Assessing the effectiveness of physical development planning and control mechanisms in Ghana: the experience of Wa Municipality.

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June, 2015
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In an attempt to achieve sustainable spatial planning, countries have adopted various regulations including building regulations, transfer of development rights and zoning to manage physical growth. However, enforcement of these controls appear to be largely ineffective especially in developing countries. This study analyses the processes involved in local plan formulation, the levels of adherence to physical controls and assesses the capacity of key planning and land institutions responsible for managing physical growth in the Wa Municipality. The study used the mixed methods of research design which used both qualitative and quantitative data and analysis. Questionnaires were used to solicit for data from 200 home builders while face to face interviews were conducted with key institutions using interview guide to gather data on land tenure system, institutional capacity and official physical development processes. Observation was also used to establish how physical development conforms to local plans by updating existing maps and consideration of setbacks between buildings as basis to determine adherence to building regulations. The home builders were mostly frustrated with the different stages involved in obtaining legal land documentations and acquiring building permit in the physical development process. Secondly, there was a flaw in the planning process involved in preparing local plans due to the fact that, all the public stakeholder consultations stages in preparing a local plan officially were ignored in the process used in Wa. The study also found non adherence to development controls because in the local plans of both neighbourhoods studied, there was a place for everything but in trying to correlate physical development to what was proposed, everything was not in its place. This is because all areas demarcated for open spaces were used for residential purposes. As a result it was established that development controls used were not effective because the objective of enforcing these mechanisms which is to ensure orderly and harmonious spatial development was not achieved. It is therefore recommended that monthly education should be organised on the various radio stations to intensify public education on the measures already adopted to reduce the lengthy and cumbersome process in permit applications. Furthermore, planners are expected to practise integrated planning of land uses to allow for home-based enterprises with caution. Additionally, the services of national service personnel could be used to address the issue of inadequate staff for site inspection and monitoring.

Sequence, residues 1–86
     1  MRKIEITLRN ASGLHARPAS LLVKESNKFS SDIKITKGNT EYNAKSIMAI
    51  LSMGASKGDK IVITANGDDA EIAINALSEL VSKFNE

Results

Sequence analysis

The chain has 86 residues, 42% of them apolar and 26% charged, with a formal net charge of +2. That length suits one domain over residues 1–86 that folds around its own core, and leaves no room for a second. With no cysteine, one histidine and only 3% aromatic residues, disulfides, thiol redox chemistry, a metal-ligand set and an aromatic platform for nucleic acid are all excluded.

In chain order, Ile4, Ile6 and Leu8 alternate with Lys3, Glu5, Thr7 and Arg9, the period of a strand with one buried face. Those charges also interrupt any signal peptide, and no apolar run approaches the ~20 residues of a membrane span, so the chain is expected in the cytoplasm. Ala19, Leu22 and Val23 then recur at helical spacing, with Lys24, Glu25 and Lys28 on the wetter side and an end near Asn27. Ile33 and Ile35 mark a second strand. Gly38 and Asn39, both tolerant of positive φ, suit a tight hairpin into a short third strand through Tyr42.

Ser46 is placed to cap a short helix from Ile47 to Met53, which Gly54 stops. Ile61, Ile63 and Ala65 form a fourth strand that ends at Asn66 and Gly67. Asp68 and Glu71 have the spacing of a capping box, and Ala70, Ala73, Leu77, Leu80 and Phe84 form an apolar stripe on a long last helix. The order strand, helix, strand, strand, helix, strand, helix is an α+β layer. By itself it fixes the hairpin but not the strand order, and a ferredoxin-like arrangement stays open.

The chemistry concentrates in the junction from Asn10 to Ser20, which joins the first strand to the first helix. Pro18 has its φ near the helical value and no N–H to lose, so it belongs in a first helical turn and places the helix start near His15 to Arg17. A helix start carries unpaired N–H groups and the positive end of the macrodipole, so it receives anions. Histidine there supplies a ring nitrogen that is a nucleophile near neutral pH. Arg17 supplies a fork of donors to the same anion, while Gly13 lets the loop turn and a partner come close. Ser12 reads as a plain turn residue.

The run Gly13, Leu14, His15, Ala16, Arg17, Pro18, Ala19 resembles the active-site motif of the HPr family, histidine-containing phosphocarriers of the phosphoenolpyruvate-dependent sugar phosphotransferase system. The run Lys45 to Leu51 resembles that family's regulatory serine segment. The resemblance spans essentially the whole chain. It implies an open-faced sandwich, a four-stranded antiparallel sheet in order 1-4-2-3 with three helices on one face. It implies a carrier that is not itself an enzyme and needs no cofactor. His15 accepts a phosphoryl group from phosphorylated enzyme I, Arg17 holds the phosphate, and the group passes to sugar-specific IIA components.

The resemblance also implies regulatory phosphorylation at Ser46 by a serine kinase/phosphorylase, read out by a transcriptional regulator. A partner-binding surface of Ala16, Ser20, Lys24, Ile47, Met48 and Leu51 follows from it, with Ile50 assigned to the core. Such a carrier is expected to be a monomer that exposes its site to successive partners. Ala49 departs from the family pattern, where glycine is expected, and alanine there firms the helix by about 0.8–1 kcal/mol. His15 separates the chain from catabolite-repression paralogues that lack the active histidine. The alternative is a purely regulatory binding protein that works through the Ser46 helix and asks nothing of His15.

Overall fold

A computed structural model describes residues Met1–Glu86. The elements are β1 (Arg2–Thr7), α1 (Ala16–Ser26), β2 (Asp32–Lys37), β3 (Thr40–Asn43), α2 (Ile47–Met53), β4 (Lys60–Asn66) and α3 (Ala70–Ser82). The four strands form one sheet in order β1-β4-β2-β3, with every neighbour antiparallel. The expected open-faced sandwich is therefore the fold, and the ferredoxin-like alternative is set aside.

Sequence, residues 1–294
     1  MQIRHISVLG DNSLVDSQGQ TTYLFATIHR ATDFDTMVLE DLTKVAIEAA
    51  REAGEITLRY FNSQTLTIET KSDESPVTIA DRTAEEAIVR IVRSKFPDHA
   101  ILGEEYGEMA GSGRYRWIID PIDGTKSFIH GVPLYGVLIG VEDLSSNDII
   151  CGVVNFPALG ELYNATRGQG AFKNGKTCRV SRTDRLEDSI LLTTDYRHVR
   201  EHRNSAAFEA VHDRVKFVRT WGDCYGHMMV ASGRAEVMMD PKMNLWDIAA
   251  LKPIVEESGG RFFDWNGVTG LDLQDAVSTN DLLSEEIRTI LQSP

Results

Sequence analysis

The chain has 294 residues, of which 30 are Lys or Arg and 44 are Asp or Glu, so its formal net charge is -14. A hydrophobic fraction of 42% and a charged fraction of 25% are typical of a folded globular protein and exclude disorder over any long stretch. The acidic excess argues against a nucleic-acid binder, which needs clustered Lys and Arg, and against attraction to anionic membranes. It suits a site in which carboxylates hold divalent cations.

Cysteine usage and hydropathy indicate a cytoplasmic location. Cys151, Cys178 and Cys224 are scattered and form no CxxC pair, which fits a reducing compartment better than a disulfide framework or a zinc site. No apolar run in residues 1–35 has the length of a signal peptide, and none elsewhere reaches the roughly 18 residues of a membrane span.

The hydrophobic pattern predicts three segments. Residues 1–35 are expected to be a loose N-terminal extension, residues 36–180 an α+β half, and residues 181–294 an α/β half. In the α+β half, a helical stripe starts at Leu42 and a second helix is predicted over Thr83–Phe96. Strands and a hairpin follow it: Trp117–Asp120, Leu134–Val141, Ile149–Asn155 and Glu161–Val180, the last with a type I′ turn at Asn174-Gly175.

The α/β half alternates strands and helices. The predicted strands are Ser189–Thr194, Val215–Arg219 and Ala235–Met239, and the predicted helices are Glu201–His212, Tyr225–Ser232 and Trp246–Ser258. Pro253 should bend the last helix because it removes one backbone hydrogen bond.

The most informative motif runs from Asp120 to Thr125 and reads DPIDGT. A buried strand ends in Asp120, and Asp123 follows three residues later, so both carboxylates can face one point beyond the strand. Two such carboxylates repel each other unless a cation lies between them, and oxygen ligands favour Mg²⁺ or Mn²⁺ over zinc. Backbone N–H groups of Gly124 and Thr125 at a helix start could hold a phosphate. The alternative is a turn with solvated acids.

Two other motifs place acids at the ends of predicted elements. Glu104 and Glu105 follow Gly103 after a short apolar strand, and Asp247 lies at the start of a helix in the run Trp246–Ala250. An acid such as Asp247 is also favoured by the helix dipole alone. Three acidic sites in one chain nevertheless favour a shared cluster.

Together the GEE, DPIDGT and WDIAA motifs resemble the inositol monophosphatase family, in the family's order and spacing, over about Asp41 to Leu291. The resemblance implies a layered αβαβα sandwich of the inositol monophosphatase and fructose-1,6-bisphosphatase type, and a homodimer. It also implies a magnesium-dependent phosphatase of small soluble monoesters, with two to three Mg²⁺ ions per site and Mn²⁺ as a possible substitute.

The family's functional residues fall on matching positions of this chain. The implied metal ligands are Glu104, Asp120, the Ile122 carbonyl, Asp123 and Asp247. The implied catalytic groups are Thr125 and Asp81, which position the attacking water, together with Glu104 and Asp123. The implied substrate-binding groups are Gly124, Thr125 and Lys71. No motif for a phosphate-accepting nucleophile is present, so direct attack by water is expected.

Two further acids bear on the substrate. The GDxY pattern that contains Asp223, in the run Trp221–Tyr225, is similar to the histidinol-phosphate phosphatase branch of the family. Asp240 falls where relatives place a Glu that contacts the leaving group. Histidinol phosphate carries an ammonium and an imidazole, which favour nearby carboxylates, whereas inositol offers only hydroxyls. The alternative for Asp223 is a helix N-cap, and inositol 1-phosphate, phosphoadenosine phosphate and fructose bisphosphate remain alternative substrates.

A thesis submitted to the School of Graduate Studies Kwame Nkrumah University of Science and Technology, Kumasi in partial fulfilment of the requirements for the degree of Master of Philosophy in Planning.